Subway councilor Rowdy Gaudet will be fined $50,000 for breaking ethics laws because he worked for a consulting firm that received city-parish government contracts.
The company, Emergent Method, will separately pay a $2,500 civil penalty under a consent notice with the Louisiana Ethics Board that was approved Friday.
Gaudet served as chief executive of Emergent Method, a frequent entrepreneur in the parish town, from May 2020 until he left the company in May 2022, according to his LinkedIn profile. He did not own a stake in the company.
In January 2021, Gaudet was sworn in to his District 3 seat on the Metro Council, which approves city-parish contracts. Gaudet would recuse himself from votes on contracts with Emergent Method.
Emergent Method and Gaudet settled with the ethics committee under a single agenda item which was accepted on Friday. The article is a “consent notice”, meaning they agreed to settle without a public hearing rather than face charges or civil action.
Louisiana’s Code of Ethics states that officials cannot receive compensation from an agency “if such official knows or reasonably should know that such person has or seeks to obtain a contractual or other business or financial relationship with the official’s agency”. Gaudet was employed by Emergent Method while the consulting firm had contracts with the city-parish which “were supervised and subject to the authority of the Metro Council”, according to the opinion.
In a statement Friday, Gaudet wrote that he had worked with attorneys and the ethics committee to ensure he was in compliance with the code of ethics. He said the practice of part-time civil servants working with government entities had been permitted for decades.
“While I vehemently disagree with their decision, I accept this outcome as a way to bring comfort to my family,” Gaudet wrote. “It was clear that there was no way to overturn the Commission’s decision, and I am not inclined to pursue this through a long and costly legal process. As a community leader, I Will Always Own My Shares and Agreeing to a Settlement Puts That Behind These actions do not break my commitment to public service, and I remain focused on continuing to serve the residents of East Baton Rouge Parish.
Gaudet wrote that he had hoped the council would provide further guidance to officials on how not to breach the code of ethics. Gaudet warned that other public officials should heed the advice because “this is clearly new policy and an interpretation of long-standing rules,” he wrote.
The board said the emerging method violated the code of ethics by paying Gaudet. The company said in a statement on Friday that it had consulted with lawyers to ensure compliance with the code of ethics and that the council’s advice took them by surprise.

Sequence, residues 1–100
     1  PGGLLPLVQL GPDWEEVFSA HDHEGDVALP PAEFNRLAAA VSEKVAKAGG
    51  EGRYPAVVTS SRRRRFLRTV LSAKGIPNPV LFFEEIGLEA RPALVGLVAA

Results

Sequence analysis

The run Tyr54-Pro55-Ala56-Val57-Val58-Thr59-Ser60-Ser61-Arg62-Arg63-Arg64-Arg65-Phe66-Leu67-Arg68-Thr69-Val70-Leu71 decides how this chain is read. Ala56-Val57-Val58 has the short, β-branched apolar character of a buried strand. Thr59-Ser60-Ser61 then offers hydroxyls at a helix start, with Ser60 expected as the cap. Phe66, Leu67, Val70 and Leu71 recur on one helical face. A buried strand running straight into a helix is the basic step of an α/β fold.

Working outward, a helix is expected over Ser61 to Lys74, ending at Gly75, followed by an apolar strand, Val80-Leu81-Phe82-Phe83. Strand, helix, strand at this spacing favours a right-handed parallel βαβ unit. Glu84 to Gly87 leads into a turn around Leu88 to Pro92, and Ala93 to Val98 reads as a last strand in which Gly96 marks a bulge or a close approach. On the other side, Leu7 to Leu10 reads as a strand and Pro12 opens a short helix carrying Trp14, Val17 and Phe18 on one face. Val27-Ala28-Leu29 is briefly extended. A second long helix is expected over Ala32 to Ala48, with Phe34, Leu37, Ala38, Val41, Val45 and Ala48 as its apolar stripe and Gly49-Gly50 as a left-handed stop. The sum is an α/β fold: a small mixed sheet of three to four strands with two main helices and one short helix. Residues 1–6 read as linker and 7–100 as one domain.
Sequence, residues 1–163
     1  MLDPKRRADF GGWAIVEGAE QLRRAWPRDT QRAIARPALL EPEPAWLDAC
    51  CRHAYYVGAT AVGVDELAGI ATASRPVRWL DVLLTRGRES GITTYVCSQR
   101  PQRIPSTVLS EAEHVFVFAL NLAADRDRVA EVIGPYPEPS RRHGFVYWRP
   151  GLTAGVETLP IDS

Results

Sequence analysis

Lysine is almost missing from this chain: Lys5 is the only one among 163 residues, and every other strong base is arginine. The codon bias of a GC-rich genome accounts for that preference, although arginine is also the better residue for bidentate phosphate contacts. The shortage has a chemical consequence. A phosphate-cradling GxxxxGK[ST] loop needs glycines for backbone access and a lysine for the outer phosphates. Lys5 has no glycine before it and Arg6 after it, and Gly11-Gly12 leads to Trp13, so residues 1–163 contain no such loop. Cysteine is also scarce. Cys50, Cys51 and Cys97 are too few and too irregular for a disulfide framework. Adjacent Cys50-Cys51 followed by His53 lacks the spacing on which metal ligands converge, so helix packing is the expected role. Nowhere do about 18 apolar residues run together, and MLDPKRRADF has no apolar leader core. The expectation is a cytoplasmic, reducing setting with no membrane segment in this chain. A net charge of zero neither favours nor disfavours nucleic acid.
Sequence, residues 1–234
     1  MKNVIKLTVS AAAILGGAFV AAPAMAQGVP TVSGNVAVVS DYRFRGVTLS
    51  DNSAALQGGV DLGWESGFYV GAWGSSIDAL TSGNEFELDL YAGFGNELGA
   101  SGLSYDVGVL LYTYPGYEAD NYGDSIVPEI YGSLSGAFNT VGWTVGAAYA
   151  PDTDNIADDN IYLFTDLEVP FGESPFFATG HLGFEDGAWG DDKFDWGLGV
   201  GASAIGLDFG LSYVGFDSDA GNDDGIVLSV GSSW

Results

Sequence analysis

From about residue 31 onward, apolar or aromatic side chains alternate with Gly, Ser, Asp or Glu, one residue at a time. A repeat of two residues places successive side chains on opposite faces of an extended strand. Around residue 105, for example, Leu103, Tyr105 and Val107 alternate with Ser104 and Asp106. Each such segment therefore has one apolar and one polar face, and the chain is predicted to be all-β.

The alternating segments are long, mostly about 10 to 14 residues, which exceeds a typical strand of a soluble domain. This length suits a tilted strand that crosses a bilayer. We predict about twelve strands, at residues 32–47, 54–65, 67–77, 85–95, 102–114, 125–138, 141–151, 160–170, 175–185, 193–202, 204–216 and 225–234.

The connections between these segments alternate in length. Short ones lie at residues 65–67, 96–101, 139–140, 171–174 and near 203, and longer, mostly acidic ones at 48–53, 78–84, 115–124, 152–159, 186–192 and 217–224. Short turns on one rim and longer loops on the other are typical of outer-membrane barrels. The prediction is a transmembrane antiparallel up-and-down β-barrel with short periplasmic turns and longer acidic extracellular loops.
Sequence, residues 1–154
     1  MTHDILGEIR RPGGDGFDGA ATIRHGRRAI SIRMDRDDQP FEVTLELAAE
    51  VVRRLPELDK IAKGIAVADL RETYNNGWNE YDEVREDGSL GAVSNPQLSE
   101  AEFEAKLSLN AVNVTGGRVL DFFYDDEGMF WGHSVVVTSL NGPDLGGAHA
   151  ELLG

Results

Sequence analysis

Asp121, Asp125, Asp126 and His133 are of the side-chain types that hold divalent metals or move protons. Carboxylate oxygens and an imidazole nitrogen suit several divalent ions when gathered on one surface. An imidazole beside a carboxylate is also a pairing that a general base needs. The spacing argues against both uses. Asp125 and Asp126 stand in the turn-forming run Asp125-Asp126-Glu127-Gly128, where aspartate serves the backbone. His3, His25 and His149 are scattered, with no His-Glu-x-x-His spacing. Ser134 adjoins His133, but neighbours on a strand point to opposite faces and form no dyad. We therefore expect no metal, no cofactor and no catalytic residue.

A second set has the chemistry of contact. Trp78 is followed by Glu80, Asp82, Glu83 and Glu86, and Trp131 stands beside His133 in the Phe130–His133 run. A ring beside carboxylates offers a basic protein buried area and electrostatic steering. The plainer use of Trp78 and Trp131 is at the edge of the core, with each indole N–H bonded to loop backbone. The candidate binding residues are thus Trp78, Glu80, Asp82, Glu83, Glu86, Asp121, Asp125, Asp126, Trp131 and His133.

“Unfortunately, it wasn’t good enough based on the ethics committee’s revised position on these issues,” the statement from Emergent Method reads. “It is unfortunate that this process has gotten us to where we are today, but as outlined in the consent opinion agreement with the Ethics Board, we are prepared to put this matter behind us and move forward. our work to support the customers and communities we serve.”
Ethics committee administrator Kathleen Allen disputed claims by Gaudet and Emergent Method that the opinion was a new interpretation of the rules. She said there had been exceptions before, but these had been resolved through formal advisory opinions with the board – something Gaudet had not done before he started working at Emerging Method.
These exceptions require the public official to regularly disclose their income and other information, she said.
“If there’s an exception, whether it’s in the statute or an exception that the board wants to make, you have to seek your own advisory opinion to lay it out,” Allen said.
In its written opinion, the board said emerging method president Nicklos Speyrer allegedly testified that Gaudet told the company he had consulted the ethics committee and that no advisory opinion was needed. – but he later learned that Gaudet’s representations to the company were not accurate, the opinion said.
Gaudet and Emergent Method could have faced higher fines if the cases had gone to a public hearing before the board and found to be in violation. The board has the ability to impose a fine of $10,000 for each violation of the code. Gaudet was earning a salary of $145,000 when he left the company and could also have been required to pay one and a half times the amount of the economic benefit obtained, according to the opinion.
Emergent Method is a consulting firm that guided the parish-town’s search for a new director of BREC in 2018 and a new director of the Downtown Development District this year. The company has secured a total of $1.3 million in professional services contracts with the city-parish over the past six years, according to information posted on Open Data BR.
During Gaudet’s employment with Emergent Method, the company entered into professional services contracts with the Parish-City Information Services Department, Environmental Services Department, Public Office of Business Operations, and Metropolitan Airport. of Baton Rouge, according to the opinion. The parish town paid $143,323.76 to Emergent Method during Gaudet’s employment, according to the opinion.